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PICWave

A photonic IC, laser diode and SOA simulator

Quarter-wavelength shifted DFB laser + modulator

Simulation with PICWave software

PICWave can model semiconductor lasers and their interaction with a photonic integrated circuit. This example shows a quarter-wavelength shifted distributed-feedback laser diode (DFB laser diode) simulated with PICWave. The output of the distributed-feedback laser is modulated on the right-hand side with an electro-absorption modulator.

DFB laser and modulator in PICWave

Quarter-wavelength shifted DFB laser with electro-absorption modulator
designed in PICWave

Design of the DFB laser
Simulation of the modulated DFB laser in the time-domain
Longitudinal hole burning

Design of the DFB laser

The distributed-feedback laser consists of two sections whose sinusoidal grating profiles are offset by 180 degrees. This is equivalent to introducing a quarter-wavelength optical phase shift in the middle of the DFB laser. The DFB laser has a total length of 320um. The K coupling coefficient is set to 0.008um-1 leading to a K.L product of 2.56. For a value such as this, the longitudinal mode intensity profile should peak at the location of the phase shift.

Quarter-wavelength phase shift in the DFB grating

Longitudinal profile of the DFB grating showing quarter-wavelength phase shift

The electro-absorption modulator is driven by a NRZ voltage signal. For the electro-absorption modulator, PICWave allows you to define the escape rate and the absorption (negative gain) as a function of the applied voltage.

Electro-absorption modulator
(a)                                                             (b)

Electro-absorption modulator: (a) absorption and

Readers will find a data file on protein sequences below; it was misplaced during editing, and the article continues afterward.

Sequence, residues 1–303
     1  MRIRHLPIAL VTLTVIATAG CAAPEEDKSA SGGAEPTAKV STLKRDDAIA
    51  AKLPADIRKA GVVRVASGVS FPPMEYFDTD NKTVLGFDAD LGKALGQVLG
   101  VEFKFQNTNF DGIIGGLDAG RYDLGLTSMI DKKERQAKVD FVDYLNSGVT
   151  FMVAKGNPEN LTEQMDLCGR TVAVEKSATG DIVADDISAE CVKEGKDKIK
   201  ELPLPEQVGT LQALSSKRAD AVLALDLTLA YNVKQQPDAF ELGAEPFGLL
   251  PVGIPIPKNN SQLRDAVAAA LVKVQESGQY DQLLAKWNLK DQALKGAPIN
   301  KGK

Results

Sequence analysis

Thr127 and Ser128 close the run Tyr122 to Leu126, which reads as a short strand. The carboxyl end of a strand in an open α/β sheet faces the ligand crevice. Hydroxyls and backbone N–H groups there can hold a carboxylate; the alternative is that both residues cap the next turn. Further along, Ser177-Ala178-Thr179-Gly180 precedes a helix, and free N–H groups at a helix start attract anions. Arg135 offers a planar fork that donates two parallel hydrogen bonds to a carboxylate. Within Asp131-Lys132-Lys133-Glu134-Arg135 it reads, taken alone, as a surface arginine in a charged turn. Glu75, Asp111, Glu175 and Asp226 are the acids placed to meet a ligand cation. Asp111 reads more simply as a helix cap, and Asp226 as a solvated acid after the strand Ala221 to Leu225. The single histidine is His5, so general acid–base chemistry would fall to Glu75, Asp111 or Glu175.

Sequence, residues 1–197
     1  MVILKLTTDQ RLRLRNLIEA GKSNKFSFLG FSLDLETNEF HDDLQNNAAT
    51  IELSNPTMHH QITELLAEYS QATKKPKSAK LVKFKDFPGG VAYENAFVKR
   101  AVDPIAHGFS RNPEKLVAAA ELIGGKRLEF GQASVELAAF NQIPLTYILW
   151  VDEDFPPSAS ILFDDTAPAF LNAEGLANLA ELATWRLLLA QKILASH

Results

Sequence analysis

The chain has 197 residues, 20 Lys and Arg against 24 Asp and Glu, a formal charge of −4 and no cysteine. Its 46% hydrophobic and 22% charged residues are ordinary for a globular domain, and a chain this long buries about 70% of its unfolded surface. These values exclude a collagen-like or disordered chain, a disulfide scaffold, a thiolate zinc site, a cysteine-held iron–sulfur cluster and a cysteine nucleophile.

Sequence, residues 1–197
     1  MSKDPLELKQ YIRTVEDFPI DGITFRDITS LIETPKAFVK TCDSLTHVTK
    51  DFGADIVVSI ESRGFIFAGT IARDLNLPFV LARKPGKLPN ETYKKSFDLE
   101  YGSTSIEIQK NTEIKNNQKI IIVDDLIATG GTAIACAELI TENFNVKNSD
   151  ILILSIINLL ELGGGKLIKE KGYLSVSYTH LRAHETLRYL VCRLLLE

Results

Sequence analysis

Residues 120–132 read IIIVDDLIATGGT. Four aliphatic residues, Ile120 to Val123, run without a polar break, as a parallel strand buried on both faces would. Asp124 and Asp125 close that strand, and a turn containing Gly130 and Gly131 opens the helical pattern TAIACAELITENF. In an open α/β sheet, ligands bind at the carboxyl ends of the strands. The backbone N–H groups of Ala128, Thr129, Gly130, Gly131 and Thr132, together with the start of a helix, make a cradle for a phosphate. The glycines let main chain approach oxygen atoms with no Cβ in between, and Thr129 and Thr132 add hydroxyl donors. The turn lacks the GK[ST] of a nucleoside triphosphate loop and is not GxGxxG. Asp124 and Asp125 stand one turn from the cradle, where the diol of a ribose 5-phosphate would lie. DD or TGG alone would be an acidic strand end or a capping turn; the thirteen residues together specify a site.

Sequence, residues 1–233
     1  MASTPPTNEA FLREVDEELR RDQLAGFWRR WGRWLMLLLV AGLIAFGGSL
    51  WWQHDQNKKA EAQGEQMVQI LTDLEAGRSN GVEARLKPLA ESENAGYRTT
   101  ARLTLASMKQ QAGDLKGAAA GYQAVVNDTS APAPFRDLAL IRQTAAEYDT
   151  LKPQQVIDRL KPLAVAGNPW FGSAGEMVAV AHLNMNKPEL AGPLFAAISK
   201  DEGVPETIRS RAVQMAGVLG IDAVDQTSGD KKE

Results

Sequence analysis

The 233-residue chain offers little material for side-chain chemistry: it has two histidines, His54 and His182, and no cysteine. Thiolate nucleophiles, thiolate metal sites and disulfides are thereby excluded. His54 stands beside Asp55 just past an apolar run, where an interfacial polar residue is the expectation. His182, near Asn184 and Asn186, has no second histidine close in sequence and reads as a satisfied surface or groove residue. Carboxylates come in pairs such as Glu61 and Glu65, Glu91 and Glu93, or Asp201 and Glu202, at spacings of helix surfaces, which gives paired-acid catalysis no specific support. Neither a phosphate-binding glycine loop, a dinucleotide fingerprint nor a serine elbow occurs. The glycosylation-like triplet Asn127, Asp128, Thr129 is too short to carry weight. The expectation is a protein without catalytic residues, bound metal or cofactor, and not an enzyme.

(b) escape rate plotted as a function of the applied voltage

Simulation of the modulated DFB laser in the time-domain

The simulation is run in the time-domain. You can see below the un-modulated output of the laser emitted on the left-hand side and the modulated output on the right-hand side. The overall shape is the same as the one emitted from the left-hand side, but the signal has been modulated by the NRZ voltage drive.

Output of the DFB laser
(a)                                                             (b)

Output of the DFB laser: (a) un-modulated and
(b) transmitted by the electro-absorption modulator driven by an NRZ signal

PICWave allows you to plot the absorption in the modulator, shown here along with the voltage drive. Plotted over a smaller time scale, it allows you to see how the voltage signal drives the absorption.

Absorption in the electro-absorption modulator
(a)                                                             (b)

Dynamics of the electro-absorption modulator : (a) absorption and
(b) voltage drive plotted in the time-domain

The spectrum of the laser output is shown below around the central wavelength. You can see that the side modes are strongly attenuated, and that the laser emits as expected at a single frequency.

Output spectrum of the DFB laser

Output spectrum of the DFB laser around the central
wavelength showing attenuated side modes

Time-evolving spectra can also be plotted.

Output spectrum of the DFB laser in the time-domain

Time-evolving spectrum of the DFB laser

Longitudinal hole burning

Plotting the mode power along the axis of the DFB laser shows a strong intensity peak at the location of the phase shift. Plotting the carrier density against z shows how the intensity peak causes longitudinal hole burning with a dip in the carrier density. This behaviour is expected given the value of the K.L product and the position of the phase shift at the centre of the DFB laser.

Longitudinal hole burning
(a)                                                             (b)

Longitudinal hole burning in the quarter-wavelength shifted DFB laser:
(a) optical power along the z-axis (blue: total, green: forward, red: backward)
and (b) carrier density along the z-axis at the centre of the laser